Religion in Germany
According to Countryaah, about 70% of the German population belong to Christian churches; Christians are equally divided between Catholics and Protestants. About. 3.7% are Muslims. The Jewish minority counts just under 100,000. About 25% is considered to be without religious affiliation.
The majority of Protestants are members of evangelical union churches, which mainly include Lutheran churches (about 70%), but also many Reformed.
The ecclesiastical conditions in Germany are still largely determined by the principle of religious peace in Augsburg 1555: cuius regio – eius religio, the ruler (prince), to decide religion, ie whether it be Catholic, Lutheran or Reformed. This principle was confirmed by the peace in Westphalia in 1648. It has led to some areas being predominantly Lutheran, such as Schleswig-Holstein (about 87% Lutheran), while others are predominantly Catholic, like Bavaria (over 70% Catholic). Lasting effect was also given to Fredrik Wilhelm 3 of Prussia’s 1817 injunction that Lutheran and Reformed churches should merge into a union. After this, in Germany, there are both Lutheran, Reformed and Unitarian churches, with the common denominator Evangelical.
After the 1918 revolution, the state and church were divorced, but the state still levies church taxes on members. The Land Churches (Landeskirchen) are bishopric/synodally organized. The churches have great support, although anti-church propaganda led to evictions in the 1920s and the “German faith movement” after 1933 led to new evictions. In 1939, however, the resignations represented only 7–8% of the population. After Hitler’s takeover of power, the “German Christians” gained power in most of the country churches and in the new “national church”, and a 12 year violent church struggle (see the church struggle).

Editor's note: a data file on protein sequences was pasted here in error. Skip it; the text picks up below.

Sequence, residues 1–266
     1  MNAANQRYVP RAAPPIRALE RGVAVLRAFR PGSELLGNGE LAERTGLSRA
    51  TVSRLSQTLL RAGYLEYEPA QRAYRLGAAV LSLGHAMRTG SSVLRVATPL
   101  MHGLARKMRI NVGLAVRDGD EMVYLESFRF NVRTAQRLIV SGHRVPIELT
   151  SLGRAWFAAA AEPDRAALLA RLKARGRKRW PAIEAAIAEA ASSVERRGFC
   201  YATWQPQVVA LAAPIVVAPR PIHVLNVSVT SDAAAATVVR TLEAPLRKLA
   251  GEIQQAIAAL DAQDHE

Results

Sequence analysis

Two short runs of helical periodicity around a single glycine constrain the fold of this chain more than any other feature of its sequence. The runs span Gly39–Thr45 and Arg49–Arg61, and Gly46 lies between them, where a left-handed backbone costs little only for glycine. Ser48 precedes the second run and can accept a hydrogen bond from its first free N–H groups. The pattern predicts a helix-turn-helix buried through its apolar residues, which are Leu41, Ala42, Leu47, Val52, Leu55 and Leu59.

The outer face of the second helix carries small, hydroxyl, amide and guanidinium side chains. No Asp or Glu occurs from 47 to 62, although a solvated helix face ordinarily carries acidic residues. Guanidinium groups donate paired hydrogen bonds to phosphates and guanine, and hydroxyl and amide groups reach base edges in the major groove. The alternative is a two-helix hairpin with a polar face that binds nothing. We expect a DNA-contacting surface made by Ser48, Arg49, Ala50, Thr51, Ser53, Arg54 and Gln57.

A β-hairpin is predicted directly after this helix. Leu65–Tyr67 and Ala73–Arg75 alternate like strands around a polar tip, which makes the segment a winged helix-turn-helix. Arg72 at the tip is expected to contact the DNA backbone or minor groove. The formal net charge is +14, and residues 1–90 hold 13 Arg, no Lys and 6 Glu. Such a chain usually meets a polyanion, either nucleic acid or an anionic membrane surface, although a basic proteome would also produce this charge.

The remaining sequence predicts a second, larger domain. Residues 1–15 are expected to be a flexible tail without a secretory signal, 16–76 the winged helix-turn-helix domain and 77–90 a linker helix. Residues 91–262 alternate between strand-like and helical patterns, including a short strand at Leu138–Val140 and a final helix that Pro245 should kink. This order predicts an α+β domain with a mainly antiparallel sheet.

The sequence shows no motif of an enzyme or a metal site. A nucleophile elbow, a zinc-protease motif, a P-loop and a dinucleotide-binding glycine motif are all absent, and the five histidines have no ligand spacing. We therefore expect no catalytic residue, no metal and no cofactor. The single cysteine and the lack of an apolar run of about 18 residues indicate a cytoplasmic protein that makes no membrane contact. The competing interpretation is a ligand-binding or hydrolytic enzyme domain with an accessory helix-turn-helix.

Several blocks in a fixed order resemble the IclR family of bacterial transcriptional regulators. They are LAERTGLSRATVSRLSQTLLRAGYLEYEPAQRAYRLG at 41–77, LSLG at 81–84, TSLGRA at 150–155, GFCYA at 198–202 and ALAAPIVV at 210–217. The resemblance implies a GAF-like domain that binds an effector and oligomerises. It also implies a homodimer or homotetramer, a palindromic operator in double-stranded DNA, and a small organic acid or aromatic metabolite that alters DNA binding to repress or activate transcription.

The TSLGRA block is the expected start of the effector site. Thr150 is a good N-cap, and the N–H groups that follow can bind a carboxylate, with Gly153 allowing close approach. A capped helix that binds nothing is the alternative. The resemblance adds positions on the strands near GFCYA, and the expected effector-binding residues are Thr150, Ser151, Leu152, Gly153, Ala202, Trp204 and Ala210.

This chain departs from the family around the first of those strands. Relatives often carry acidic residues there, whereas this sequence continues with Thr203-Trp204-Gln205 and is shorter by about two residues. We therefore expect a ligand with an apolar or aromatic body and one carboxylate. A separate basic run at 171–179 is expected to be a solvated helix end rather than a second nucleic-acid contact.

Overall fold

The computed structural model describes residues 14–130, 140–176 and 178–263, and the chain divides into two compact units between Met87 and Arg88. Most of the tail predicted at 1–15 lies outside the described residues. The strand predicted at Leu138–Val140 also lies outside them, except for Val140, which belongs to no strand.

After the collapse of Germany in 1945, many turned to the churches, without even mentioning any religious revival. In the summer of 1945, representatives of the evangelical churches adopted guidelines for a united evangelical church, the Evangelische Kirche in Deutschland (EKD), but this has instead become a union of independent national churches. The Lutheran churches are joined by Germany’s United Evangelical-Lutheran Church (Vereinigte Evangelisch-Lutherische Kirche Deutschlands, VELKD). 1968–91, both EKD and VELKD were divided into an East German and a West German department.
Since the 1960s, churches have provided great humanitarian assistance to other countries, especially in the Third World (Brot für die Welt and the Catholic Caritas). The Protestant churches have membership in both the World Council of Churches and the Lutheran World Federation.
The atheist state ideology of former East Germany had a detrimental effect on religious life. By the merger with West Germany, almost 70% of the East German population was without membership in any Christian church.
The period 1956-61
Two events frame the period from 1956 to 1961: The Stalinisation following the 20th Party Congress of the Soviet Communist Party, which also had consequences in the GDR – albeit superficially – and the building of the Berlin Wall in 1961. The SED took only superficial distance from the personal worship and terrorist methods under Stalin. The Old Stalinist Ulbricht managed to counter the intellectual and reform-oriented opposition (Harich, Schirdewan, Wollweber, Ziller, Oelssner). The fifth SED party congress in July 1958 showed that Walter Ulbricht had a secure position in the party and the state. He maintained this position until the late 60’s.